NaPoWriMo 2018 day 26: Senses of Spring

 

Come see with me, as the spring light fades,

a delicate pale dusk that hints at May,

a gentle hue that shimmers through

the retreating winter mists.

 

Come hear with me, as the birds make nests,

a caw and cackle from beaks unseen,

above me the drone of planes in flight,

beside me the sounds of nature stirring.

 

Come smell with me, as mowers emerge

from musty mould of damp old sheds,

to give a lawn its first shear of the year,

the encouraging scent of freshly chopped grass.

 

Come feel with me, the patio touch

of a lilac cushion, smooth bumps of rattan,

a still cool breeze upon the skin,

as fingers graze the pot-plant petals.

 

Come taste with me, this springtime zest,

let ice-chilled soda sparkle your throat,

the tang of past no longer bitter,

now savour feeling alive.

 

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NaPoWriMo 2018 day 19: a poem for April heat

 

Heat today, hottest April record,

left garden scorching, plants wilting:

pot plant bowed head, thirst making humble.

 

Heat relentless, leaving sweat on brows,

blisters on hastily sandalled feet.

 

Sun’s heat, all invading:

down necks, armpits pools of

awkward, seeping sweat,

other flesh clammy to touch.

 

Sunshine welcome, lifting mood.

Heat dense, suffocating, sucking:

creating craving for whirl of air.

 

Weeds grow, inch by hourly inch,

loving power, stealth through hedgerow.

 

Spring here:

“hurrah”

 

NaPoWriMo 2018 day 18: the wind on a not so brilliant day

I tried to tend it, but nature overwhelmed my efforts

What’s the point of even trying

with all that withering around me.

Yes, take the leaves and petals, leave the ground free and clean

as I want to face life, not death.

All the flowers are gone, and I want them back

No, you can’t take their smell away from me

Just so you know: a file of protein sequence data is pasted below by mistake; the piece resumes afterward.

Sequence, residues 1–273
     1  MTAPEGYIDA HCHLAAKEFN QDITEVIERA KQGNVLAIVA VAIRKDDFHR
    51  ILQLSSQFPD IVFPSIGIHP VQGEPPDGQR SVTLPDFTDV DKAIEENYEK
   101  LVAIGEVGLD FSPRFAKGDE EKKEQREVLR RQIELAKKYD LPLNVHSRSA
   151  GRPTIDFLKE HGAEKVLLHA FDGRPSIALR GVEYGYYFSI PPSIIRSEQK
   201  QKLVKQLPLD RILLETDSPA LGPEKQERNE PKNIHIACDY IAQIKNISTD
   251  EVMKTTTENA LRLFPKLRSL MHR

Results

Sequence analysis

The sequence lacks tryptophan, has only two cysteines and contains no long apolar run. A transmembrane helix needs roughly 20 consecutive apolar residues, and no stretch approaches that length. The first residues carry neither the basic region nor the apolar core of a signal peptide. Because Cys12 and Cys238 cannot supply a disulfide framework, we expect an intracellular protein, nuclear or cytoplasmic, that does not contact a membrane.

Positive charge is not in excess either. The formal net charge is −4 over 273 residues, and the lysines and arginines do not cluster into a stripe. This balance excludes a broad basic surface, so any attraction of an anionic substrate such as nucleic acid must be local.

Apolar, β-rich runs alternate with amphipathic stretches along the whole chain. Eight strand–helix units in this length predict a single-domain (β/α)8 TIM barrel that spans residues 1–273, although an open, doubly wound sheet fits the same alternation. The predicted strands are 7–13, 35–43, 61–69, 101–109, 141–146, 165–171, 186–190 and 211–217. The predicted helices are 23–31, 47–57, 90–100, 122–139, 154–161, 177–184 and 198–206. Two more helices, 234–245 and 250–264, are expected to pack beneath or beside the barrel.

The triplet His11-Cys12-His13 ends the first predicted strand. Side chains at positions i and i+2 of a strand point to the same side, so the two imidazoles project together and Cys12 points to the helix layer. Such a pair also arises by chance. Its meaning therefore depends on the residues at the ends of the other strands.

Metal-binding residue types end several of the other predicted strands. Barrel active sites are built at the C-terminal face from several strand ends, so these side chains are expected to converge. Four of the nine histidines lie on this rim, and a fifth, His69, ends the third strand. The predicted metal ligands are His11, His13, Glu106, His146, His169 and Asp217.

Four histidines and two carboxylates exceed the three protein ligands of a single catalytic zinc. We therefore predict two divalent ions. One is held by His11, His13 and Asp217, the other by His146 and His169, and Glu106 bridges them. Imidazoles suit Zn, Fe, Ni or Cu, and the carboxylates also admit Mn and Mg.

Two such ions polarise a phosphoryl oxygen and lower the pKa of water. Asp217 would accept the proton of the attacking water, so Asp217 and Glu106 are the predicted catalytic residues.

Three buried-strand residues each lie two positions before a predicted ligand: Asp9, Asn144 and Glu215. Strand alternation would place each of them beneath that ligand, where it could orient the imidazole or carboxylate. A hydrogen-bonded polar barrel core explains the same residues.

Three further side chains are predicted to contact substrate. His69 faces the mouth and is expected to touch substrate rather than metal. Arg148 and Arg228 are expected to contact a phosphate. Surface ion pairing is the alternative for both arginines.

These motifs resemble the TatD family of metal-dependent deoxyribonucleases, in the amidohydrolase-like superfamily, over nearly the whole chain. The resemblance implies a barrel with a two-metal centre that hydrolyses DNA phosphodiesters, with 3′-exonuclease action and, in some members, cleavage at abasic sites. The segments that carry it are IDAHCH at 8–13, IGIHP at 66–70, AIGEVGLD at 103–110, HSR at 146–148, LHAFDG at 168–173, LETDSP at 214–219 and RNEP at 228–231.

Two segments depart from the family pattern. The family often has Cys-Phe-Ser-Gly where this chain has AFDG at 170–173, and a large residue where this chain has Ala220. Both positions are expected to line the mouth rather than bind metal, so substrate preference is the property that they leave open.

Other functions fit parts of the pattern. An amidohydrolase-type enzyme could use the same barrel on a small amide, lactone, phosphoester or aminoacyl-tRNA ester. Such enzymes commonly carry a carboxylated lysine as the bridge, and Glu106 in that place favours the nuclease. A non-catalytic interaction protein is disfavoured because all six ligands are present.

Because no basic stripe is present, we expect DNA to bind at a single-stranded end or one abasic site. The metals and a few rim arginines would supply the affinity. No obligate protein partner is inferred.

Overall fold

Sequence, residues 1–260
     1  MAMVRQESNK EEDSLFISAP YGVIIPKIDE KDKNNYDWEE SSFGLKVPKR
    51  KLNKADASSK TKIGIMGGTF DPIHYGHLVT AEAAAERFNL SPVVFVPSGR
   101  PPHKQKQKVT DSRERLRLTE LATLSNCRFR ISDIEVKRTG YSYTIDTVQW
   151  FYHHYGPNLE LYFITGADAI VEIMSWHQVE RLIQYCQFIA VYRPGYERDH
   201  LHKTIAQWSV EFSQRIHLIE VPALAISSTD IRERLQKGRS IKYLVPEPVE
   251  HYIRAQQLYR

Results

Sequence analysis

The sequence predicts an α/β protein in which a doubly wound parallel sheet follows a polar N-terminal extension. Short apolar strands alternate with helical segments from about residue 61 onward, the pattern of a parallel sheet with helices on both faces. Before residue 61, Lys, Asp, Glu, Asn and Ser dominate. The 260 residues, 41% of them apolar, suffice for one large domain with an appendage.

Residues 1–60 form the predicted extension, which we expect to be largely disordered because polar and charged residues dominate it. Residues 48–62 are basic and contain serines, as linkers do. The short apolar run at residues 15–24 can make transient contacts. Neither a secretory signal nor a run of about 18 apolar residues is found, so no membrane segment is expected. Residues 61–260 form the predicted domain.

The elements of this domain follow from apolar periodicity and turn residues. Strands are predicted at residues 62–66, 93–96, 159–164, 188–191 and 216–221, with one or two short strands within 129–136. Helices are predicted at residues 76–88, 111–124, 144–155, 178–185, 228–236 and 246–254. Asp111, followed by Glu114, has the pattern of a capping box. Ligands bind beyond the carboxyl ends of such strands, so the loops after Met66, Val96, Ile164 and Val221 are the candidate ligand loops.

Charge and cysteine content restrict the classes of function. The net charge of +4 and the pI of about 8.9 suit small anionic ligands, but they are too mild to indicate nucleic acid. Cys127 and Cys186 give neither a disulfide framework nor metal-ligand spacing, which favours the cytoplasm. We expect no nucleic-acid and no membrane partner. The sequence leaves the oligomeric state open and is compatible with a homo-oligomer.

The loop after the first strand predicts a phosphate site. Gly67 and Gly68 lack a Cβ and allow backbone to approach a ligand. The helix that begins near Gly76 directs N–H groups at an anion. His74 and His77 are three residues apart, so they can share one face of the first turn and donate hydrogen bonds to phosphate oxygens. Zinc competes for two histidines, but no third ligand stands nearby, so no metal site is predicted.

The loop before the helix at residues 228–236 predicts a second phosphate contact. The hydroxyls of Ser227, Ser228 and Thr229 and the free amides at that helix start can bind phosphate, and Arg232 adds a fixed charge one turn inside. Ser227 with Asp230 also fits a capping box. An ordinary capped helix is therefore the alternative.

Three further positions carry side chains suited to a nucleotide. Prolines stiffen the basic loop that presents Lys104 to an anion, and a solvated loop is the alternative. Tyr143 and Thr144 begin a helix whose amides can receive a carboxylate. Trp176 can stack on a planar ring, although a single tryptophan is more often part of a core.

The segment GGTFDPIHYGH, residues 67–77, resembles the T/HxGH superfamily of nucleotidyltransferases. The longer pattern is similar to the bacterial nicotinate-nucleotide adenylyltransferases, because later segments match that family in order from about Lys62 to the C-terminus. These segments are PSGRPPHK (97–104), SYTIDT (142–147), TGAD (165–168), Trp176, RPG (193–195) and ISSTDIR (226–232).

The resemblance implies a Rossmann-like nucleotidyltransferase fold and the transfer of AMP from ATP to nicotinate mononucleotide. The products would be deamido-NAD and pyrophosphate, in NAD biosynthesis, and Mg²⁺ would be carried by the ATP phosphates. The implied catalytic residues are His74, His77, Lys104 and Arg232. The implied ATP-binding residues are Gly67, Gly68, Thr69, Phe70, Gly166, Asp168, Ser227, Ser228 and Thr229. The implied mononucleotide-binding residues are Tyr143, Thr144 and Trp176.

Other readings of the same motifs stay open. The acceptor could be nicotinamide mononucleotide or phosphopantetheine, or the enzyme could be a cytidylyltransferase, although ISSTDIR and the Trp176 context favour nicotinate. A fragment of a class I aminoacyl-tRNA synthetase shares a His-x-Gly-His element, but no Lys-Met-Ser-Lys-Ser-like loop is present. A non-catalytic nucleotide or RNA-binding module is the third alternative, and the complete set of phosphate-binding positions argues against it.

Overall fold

and I’m not sure about your odour of jasmine.

If it’s meant to be the call of my soul

then I’ll wait for the wind to blow it in.

 

This is an upside-down take on original poem The Wind, One Brilliant Day, by Antonio Machado

The wind, one brilliant day, called
to my soul with an odor of jasmine.

‘In return for the odor of my jasmine,
I’d like all the odor of your roses.’

‘I have no roses; all the flowers
in my garden are dead.’

‘Well then, I’ll take the withered petals
and the yellow leaves and the waters of the fountain.’

the wind left. And I wept. And I said to myself:
‘What have you done with the garden that was entrusted to you?’

NaPoWriMo 2018 Day 4: my garden of spirituality

 

It’s the quality and direction of light that tells me

of presence, of a beam, of something greater than me.

Like torchlight from an invisible source,

it pools between thick leaves, through autumn cloud,

illuminating the darkest part of my garden.

 

The new-grown laurels have taken root,

wildly, greenly, not caring they’re uneven, mismatched.

They huddle around the scraggy old wooden bench

with its rectangle feet set firmly in the shingle:

a bench with a view, that leaves you with a sore behind.

 

The cheeky red berries shine crimson in the sunshine of youth

amidst the demure and dappled undergrowth,

their cherry fire and beaded little heart in full-bloom denial

of any future state of wither or decay.

An so shines the purity of that insistent beam of light.

 

A poem from the sunset seat in my garden

inktuition sunset seat

My blooming great big garden

surrounds my wooden seat

with a tickle of full-grown leaves.

A lushly verdant treat.

Green fingers? Not for me.

I leave my lawn to live

its meant-for, yearned-for life.

And my laziness it forgives,

as the sunset gently butters

the grateful, eager leaves.

I’m full of love for life,

connecting to some heart-felt peace.